But in the background of this story was heroism of another kind. Often under compulsion, but also often not, the people themselves had changed their attitudes. It was as if the whole city had rejoined America. And as if, in a poignant moment of tragedy, America had welcomed her back.

And here we are, all these years later. There are still individuals who remember, but “society” has forgotten what it once learned. New York free-falls into her older ways, as a national disgrace under “commie,” race-baiting politicians. The current mayor is even an anti-Semite.

Generally speaking, societies never learn. I write from Canada where there are so many examples I could bore my reader into pleading sobs.

Not only on the high political plane (where most of the individuals are contemptible) but at the lowest level, such virtues as were once commonplace have disappeared without trace. It becomes hard to explain, let alone defend, what isn’t anymore.

Responsibility – I will stick to the obvious here – is something that an individual may acquire, with the help of good parents, &c. And the notion of taking responsibility, not only for oneself but in the web of one’s surroundings, has never been unknown.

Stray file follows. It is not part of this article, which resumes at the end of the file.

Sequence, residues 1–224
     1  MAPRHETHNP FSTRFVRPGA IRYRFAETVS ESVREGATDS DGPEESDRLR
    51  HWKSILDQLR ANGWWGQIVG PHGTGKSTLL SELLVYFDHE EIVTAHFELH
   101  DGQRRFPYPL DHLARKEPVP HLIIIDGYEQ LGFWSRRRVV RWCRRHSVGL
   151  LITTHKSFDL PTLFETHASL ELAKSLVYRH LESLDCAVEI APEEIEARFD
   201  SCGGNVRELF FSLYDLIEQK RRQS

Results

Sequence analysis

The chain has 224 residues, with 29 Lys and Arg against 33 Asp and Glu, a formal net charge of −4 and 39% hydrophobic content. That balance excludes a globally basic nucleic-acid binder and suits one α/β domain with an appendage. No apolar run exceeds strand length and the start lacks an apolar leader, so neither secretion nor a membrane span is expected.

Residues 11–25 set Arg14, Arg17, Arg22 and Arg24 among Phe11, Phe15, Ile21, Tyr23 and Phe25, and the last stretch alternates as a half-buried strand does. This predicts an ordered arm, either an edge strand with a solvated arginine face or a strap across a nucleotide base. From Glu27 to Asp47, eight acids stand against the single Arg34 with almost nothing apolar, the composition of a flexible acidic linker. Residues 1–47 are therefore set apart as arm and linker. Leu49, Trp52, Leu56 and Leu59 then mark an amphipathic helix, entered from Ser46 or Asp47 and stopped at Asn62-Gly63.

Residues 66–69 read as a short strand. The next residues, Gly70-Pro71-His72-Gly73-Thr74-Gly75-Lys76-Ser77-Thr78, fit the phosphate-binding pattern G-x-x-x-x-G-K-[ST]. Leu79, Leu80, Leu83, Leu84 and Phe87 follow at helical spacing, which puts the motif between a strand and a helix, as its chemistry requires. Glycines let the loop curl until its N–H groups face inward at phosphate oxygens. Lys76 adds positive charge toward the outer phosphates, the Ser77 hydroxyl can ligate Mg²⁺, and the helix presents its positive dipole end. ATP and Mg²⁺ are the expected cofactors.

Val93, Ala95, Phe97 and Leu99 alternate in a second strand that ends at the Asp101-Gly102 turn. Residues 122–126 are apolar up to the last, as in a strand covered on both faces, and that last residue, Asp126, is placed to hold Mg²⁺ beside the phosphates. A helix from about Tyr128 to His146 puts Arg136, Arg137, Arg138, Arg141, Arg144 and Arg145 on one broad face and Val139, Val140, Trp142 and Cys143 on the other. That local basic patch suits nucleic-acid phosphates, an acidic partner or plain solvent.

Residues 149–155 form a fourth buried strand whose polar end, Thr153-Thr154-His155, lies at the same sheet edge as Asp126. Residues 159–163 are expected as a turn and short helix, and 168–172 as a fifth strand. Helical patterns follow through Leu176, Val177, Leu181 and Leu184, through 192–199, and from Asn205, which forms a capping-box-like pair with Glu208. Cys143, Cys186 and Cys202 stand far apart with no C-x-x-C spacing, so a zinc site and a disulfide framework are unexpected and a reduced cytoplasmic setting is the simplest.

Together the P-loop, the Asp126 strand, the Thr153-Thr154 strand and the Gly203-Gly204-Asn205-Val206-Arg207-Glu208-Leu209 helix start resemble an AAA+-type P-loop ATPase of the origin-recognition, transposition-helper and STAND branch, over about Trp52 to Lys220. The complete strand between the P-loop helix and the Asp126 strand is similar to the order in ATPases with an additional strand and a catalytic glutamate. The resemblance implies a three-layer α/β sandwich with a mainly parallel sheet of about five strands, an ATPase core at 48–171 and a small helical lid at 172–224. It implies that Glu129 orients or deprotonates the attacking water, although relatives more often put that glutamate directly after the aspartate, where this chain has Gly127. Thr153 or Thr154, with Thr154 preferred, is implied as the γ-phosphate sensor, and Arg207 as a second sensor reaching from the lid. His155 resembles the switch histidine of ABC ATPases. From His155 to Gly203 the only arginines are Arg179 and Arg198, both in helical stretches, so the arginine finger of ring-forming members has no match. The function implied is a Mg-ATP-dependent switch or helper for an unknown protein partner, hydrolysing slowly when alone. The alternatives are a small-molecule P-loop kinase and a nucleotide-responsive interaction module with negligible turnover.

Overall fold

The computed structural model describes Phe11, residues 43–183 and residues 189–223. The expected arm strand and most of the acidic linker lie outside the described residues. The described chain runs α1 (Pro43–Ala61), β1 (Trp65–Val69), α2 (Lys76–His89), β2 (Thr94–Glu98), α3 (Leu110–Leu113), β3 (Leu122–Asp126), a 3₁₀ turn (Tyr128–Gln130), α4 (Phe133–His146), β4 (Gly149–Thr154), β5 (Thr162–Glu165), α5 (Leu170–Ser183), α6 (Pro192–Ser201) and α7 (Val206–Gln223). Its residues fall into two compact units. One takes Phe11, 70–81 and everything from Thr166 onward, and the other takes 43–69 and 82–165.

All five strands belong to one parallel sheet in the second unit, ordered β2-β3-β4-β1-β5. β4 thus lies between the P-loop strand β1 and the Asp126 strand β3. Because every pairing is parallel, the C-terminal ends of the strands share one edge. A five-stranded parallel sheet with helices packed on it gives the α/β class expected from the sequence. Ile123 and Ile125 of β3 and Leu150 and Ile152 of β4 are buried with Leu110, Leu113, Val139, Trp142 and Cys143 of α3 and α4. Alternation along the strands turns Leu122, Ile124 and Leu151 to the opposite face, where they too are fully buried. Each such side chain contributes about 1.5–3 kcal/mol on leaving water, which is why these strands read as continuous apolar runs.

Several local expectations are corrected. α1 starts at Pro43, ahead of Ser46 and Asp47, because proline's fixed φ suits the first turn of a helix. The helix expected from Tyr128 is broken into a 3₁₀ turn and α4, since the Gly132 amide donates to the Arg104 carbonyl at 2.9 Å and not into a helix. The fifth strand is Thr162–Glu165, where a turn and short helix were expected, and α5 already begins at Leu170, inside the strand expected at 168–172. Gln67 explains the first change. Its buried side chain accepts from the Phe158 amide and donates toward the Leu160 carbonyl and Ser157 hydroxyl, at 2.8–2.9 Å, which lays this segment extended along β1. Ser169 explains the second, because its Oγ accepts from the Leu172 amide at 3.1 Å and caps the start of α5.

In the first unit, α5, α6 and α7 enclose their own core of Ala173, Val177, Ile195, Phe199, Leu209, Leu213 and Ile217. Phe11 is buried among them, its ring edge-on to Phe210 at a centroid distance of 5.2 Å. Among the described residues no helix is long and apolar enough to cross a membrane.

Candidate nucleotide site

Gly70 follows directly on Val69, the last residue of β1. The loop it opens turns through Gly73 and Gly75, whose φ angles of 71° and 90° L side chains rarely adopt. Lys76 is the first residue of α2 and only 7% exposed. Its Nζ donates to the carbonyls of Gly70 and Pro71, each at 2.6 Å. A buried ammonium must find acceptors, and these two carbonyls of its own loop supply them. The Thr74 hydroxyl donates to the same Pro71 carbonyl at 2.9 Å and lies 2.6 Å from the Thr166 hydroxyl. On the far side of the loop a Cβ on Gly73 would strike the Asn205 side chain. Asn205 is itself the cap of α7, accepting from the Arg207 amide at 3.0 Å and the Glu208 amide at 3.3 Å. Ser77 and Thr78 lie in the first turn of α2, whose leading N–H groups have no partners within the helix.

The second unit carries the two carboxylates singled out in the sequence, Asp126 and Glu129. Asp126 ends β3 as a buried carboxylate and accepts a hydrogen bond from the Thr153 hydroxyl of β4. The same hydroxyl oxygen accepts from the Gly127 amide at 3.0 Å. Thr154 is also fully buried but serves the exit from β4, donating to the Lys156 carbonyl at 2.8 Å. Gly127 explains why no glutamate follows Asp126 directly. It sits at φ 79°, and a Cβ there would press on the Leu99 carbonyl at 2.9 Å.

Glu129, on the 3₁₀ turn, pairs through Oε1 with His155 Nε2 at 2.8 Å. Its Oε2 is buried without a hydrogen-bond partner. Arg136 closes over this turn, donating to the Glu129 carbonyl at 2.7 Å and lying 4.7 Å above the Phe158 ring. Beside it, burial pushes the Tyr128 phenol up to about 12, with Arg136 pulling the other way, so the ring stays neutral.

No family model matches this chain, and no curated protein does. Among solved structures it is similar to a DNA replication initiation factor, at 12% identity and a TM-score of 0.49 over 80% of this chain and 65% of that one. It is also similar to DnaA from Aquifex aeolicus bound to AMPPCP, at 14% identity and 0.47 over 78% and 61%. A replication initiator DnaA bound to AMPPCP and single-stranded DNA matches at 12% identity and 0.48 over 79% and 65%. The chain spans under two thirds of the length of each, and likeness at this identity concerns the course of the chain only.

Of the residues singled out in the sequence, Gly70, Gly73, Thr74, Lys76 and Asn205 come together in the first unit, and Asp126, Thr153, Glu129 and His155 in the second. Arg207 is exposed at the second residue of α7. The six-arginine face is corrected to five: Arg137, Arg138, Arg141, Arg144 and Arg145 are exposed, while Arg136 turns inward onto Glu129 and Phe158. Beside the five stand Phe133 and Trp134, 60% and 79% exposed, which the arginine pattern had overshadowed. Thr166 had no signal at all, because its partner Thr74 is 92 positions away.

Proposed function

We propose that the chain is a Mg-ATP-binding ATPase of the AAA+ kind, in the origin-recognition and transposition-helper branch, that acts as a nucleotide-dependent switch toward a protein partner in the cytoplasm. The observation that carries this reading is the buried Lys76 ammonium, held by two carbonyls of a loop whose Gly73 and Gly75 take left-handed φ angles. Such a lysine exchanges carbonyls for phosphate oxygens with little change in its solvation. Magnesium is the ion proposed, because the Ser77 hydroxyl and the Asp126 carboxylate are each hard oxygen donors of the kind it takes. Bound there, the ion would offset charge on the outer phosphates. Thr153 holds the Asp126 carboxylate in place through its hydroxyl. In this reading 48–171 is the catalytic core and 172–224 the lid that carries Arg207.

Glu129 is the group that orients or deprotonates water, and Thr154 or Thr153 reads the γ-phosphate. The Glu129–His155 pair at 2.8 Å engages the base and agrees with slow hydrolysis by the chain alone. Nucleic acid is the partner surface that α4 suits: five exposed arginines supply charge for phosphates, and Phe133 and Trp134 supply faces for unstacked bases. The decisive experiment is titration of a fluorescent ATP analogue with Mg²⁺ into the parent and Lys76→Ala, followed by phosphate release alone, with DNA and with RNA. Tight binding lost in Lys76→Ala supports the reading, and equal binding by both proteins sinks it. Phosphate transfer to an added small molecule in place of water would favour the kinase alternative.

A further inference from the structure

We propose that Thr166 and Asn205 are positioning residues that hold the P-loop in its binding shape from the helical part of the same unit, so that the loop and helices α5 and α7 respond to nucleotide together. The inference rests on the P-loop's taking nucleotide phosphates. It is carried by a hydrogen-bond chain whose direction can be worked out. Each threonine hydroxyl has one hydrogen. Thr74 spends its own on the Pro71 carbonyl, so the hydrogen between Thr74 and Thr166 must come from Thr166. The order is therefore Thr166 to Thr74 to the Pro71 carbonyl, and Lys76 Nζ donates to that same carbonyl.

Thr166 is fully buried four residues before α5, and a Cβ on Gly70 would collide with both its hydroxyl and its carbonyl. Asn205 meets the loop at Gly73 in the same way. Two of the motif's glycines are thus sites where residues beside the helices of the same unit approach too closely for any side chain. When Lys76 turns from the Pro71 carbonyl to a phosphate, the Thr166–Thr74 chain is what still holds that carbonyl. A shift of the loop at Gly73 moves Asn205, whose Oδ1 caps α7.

By contrast, “collective” responsibility is garbage. The belief in “social action,” except as a description of a mob, is among the most ludicrous ideas that guide us. Even a mob requires individual, knowingly evil agents, to be formed.

This applies, squared, to Twitter and Facebook. The ugly events that characterize such “social media” do not happen of themselves. Each must start somewhere. Those devils-in-human-flesh that start them could, in most cases, be easily found out; and might be punished were they not mistaken for heroes.

And the natural alliance between ignorance, and malice, could be easily understood. That this does not discourage the great mass of participants might go without saying. They are along for the ride and, like participants in any mob, become constantly less responsible for their behavior. I advise gentle reader to get out while he can.